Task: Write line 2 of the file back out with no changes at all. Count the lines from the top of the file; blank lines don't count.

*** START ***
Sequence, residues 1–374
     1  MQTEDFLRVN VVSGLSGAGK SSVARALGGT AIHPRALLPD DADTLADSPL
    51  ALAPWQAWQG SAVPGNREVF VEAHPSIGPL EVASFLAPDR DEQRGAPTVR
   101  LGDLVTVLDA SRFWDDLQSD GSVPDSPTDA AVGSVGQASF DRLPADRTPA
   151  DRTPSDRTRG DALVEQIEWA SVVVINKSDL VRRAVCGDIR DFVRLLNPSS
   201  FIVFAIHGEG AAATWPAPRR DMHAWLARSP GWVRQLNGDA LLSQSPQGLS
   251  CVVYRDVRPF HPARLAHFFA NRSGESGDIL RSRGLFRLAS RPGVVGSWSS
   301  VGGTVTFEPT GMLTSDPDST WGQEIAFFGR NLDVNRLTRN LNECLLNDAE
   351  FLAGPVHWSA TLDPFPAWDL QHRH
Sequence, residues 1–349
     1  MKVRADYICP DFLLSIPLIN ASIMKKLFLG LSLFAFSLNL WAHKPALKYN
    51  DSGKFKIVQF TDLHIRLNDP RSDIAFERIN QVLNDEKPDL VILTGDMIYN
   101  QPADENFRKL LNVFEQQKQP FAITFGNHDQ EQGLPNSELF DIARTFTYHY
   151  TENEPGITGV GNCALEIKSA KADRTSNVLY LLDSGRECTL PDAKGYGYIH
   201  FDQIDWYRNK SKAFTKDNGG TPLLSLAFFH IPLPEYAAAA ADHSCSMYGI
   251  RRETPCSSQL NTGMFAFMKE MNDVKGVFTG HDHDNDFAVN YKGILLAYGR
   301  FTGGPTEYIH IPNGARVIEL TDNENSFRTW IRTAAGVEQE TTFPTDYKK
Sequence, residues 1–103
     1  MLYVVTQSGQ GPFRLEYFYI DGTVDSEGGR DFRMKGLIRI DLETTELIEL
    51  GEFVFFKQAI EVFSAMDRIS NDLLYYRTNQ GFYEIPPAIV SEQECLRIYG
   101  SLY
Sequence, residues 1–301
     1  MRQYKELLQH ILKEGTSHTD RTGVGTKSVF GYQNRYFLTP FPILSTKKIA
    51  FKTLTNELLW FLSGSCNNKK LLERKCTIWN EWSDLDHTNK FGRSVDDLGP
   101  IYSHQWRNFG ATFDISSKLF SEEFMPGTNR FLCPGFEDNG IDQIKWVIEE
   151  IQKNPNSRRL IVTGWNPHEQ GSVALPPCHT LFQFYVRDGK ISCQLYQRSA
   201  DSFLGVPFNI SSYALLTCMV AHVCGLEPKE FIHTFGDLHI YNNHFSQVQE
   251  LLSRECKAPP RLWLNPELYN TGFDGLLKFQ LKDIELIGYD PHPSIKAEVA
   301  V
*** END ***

     1  MQTEDFLRVN VVSGLSGAGK SSVARALGGT AIHPRALLPD DADTLADSPL